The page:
I have a 2007 Volvo XC90 V8 AWD. I noticed driving on a flat highway the 6'th gear the ratio of SUV speed in miles per hour to the piston revolution speed in thousand rotation per minute is 40, especially between 60mph and higher. Now after a repair with modules replaced, the ratio has become lower at around 35 or even lower. Is this a problem? Is this controlled by the module? Should I bring the car back to the repair shop/dealer?

  • Welcome to the site! To clarify a few things: What year is your XC90? What do you mean by "8V"? Which modules exactly were replaced? Commented Feb 23, 2017 at 21:26
  • @Pᴀᴜʟsᴛᴇʀ2: Thank you! I meant V8, 8 cylinders. I have corrected my question and added the year information.
    – Hans
    Commented Feb 23, 2017 at 21:29
  • So are you saying that the vehicle used to be at roughly 2500 RPM at 60 MPH and now after a repair its closer to 2000 RPM at 60 MPH? Just estimating based on your ratios, if I understood correctly.
    – Zshoulders
    Commented Feb 23, 2017 at 21:30
  • Again, which modules were replaced? Commented Feb 23, 2017 at 21:31
  • @Zshoulders - I was reading this as 4000 before, 3500 after, though the OP states 40,000 before and 35,000 after. Commented Feb 23, 2017 at 21:32

1 Answer 1


Yes, I'd take it back to the shop to see if there is something they missed. While 300 rpm at 60mph is not a huge difference, to me this is about the difference of when a lock up torque converter isn't locking up. This could be a programming issue which wasn't taken into account with the new CEM. While it isn't a huge issue, it will cause greater wear of parts and cost you in fuel mileage.

  • Thank you, PAULSTER2! Do you know what the optimal rpm of this SUV should be at cruise speeds of 60mph and at 80mph? The person (not a mechanic) talking to me said it had nothing to do with the module (and the code). Should I believe him?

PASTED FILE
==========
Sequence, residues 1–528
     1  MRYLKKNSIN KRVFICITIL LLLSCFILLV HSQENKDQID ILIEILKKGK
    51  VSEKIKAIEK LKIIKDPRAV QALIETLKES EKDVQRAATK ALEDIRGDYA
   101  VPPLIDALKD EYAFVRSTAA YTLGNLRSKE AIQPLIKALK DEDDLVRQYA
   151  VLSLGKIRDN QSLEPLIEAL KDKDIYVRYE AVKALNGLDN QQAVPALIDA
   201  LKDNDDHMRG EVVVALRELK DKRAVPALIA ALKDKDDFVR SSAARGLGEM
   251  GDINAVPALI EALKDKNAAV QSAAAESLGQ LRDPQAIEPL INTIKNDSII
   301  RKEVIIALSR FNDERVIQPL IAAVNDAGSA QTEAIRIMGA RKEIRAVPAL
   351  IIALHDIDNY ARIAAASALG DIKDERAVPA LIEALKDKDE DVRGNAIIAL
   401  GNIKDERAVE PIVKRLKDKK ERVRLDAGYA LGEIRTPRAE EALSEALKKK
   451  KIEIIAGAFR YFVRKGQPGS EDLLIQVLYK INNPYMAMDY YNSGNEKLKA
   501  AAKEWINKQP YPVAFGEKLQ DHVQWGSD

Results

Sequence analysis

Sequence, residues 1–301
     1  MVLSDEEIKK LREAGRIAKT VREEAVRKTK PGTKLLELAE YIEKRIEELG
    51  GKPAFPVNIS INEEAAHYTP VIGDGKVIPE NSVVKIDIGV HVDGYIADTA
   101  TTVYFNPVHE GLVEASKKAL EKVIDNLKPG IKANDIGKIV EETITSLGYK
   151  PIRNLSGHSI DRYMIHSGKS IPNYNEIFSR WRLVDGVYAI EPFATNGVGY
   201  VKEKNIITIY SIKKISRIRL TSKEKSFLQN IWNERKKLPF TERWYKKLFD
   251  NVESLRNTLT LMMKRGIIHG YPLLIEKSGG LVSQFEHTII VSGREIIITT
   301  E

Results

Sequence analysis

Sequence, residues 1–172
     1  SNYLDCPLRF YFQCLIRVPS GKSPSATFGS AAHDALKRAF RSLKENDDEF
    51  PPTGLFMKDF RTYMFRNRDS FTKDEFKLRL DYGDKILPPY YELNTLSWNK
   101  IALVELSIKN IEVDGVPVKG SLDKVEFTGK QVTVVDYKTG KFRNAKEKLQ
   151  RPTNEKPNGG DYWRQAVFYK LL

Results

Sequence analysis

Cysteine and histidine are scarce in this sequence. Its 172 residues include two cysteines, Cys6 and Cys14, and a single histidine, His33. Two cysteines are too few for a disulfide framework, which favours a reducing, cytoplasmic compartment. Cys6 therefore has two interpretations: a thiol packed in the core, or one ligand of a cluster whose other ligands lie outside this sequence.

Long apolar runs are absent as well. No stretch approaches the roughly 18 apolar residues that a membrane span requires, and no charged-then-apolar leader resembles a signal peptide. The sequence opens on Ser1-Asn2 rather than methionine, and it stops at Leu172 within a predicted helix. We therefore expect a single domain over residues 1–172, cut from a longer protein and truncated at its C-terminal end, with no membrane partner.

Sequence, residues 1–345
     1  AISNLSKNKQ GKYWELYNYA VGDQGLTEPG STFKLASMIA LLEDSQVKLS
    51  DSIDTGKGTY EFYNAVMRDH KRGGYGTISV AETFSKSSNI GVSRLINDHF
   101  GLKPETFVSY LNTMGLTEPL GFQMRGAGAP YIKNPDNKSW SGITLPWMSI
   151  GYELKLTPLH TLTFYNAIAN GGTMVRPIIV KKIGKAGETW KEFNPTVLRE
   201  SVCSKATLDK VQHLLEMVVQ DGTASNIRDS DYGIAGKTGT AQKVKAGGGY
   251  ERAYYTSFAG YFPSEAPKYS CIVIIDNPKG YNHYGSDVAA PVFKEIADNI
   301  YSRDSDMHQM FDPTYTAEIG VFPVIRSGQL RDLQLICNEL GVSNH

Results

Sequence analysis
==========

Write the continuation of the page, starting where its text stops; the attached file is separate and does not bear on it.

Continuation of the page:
– Hans
    Commented Feb 23, 2017 at 21:54
  • No, I cannot say as I do. Your updated RPM range seems in the neighborhood of what I'd expect. Considering you have experience with how it ran before, I'd suspect you are correct in that now something isn't quite right. What I've stated is a best guess, but whatever the problem may be, I'd still take it back to the repair shop to get it looked over. Commented Feb 23, 2017 at 21:56
  • If they insist that it has nothing to do with the module change, is there any recourse for me? Also should I bring up your guess when talking to them now before bringing the car back?
    – Hans
    Commented Feb 23, 2017 at 22:04
  • I would suggest you just tell them there seems to be an issue and describe what's going on. Tell this it isn't correct with how the vehicle used to drive. You may want to tell them the fears of this, such as the extra wear and the worsened fuel economy. I wouldn't tell them you got the information off the internet, as they will have a cow and tell you to go away. I wouldn't take "no" for an answer, though. Be firm but insistent. Commented Feb 24, 2017 at 0:00
  • Thank you, PAULSTER2. I talked to the dealer and they asked me to take the car for a drive with them. I called a few Volvo dealers and mechanics other than the one I repaired my car at. They said if this was caused by the change of the module, nobody can do anything about it since all the code comes straight from the manufacturer. If that is the case, would you say that we need to rule out other possibilities than the module control? How would I get the dealership to check on other possibilities?
    – Hans
    Commented Feb 24, 2017 at 6:56

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